### Strategies for Cultivating Resilient Children: Insights from an Ivy League Doctor

If you wish for your children to excel in a particular school subject, assisting them with their assignments or engaging a tutor is a common approach. However, fostering resilience, the ability to bounce back from setbacks and manage stress effectively, is a more intricate journey.

Aliza Pressman, a developmental psychologist and one of the founders of the Mount Sinai Parenting Center, delves into the realm of nurturing resilient children in her latest book, “The 5 Principles of Parenting: Your Essential Guide to Raising Good Humans.”

Rather than shielding children from life’s inevitable challenges, Pressman advocates for equipping them with the skills to navigate adversity. She metaphorically compares the parental role to teaching kids how to dress appropriately for various weather conditions instead of merely sheltering them from the elements.

In her book, Pressman introduces the concept of the “Five R’s” essential for cultivating resilience in children:

1. Relationships

Establishing strong relationships is pivotal in helping children develop the confidence to confront adversities. Pressman highlights three types of stress in her book:

  • Positive stress: Comparable to excitement, such stress can be beneficial for growth.
  • Tolerable stress: Arises from significant events like loss, manageable with the support of at least one caring relationship.
  • Toxic stress: Results from prolonged adversity without protective relationships, leading to severe responses.

Pressman emphasizes the significance of having a secure attachment with a caregiver to mitigate toxic stress towards tolerable levels.

2. Reflection

While dedicating 20 minutes for morning meditation may not be feasible for most parents, Pressman suggests incorporating micro-meditations throughout the day. Reflecting on your and your child’s needs enables thoughtful responses instead of impulsive reactions.

Encouraging moments of stillness, even during simple activities like a walk to the mailbox, can aid in intentional actions. Children observe and mimic their parents’ self-regulation, making it essential to model such behaviors.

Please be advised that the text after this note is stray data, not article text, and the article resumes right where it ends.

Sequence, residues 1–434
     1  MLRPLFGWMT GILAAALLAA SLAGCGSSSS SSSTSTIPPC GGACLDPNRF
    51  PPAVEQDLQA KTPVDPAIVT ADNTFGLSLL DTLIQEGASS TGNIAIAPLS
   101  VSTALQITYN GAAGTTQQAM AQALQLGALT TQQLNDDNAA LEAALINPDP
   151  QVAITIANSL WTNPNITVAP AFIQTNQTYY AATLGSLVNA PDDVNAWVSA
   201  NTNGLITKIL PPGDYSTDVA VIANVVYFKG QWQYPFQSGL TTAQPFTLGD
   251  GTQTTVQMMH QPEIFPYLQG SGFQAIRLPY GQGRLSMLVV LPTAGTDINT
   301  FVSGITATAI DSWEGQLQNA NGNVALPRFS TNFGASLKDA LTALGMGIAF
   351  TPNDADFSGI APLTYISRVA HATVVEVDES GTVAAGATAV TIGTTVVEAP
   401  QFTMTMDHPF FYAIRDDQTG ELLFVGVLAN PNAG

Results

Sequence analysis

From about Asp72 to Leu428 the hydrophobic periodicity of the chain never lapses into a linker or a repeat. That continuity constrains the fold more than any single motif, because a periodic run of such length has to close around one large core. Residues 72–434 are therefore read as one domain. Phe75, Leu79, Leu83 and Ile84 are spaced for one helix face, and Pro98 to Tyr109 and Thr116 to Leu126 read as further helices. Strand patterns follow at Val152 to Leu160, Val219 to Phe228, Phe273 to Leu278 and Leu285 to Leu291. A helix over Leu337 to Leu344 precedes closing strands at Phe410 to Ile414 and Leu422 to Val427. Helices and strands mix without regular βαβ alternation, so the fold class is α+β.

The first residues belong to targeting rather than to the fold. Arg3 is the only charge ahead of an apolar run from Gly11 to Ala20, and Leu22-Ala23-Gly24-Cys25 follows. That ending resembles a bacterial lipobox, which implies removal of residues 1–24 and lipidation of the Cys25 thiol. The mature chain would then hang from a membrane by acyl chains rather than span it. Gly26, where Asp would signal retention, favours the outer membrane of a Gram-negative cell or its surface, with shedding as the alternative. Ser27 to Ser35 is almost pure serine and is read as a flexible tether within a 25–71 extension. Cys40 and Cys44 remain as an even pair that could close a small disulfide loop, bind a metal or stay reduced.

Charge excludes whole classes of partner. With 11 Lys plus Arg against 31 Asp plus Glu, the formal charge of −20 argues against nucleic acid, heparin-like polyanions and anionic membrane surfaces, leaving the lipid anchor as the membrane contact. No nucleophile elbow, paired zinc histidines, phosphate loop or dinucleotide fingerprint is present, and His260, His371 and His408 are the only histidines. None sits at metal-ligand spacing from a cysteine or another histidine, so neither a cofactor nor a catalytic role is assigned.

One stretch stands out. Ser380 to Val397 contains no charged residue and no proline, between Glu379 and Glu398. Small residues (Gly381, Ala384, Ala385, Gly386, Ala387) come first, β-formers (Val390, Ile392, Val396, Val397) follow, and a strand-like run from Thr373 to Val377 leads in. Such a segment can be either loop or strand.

3. Regulation

Children often mirror their parents’ behavior, as they “borrow” their nervous system. Teaching children to respond calmly to discomfort fosters resilience. Co-regulating with children, by staying composed and guiding them to breathe through challenges, helps enhance their self-regulation skills.

Pressman underscores the importance of pausing before reacting, allowing children to choose appropriate responses and strengthening their self-regulation abilities.

4. Rules

Pressman distinguishes between boundaries (self-imposed restrictions) and limits (behavioral restrictions), asserting that enforcing both creates a sense of security for children. Clear and consistent rules, when logically explained, provide children with a sense of predictability, reducing the need for constant vigilance.

Establishing boundaries with peers and family members encourages children to set their boundaries, fostering autonomy and confidence.

5. Repair

The concept of repair involves reinforcing relationships after conflicts, rather than merely correcting mistakes. Demonstrating empathy, love, and curiosity towards children rebuilds trust and connection post disagreements. Acknowledging distractions or lapses in attention and expressing genuine interest in children’s experiences fosters resilience by nurturing secure attachments.

Pressman emphasizes that the “Five R’s” are not linear steps but interconnected principles that parents can apply flexibly. The ultimate goal is not just to ensure children’s happiness but to strengthen the parent-child bond. When children feel supported and valued, they are better equipped to navigate life’s challenges resiliently.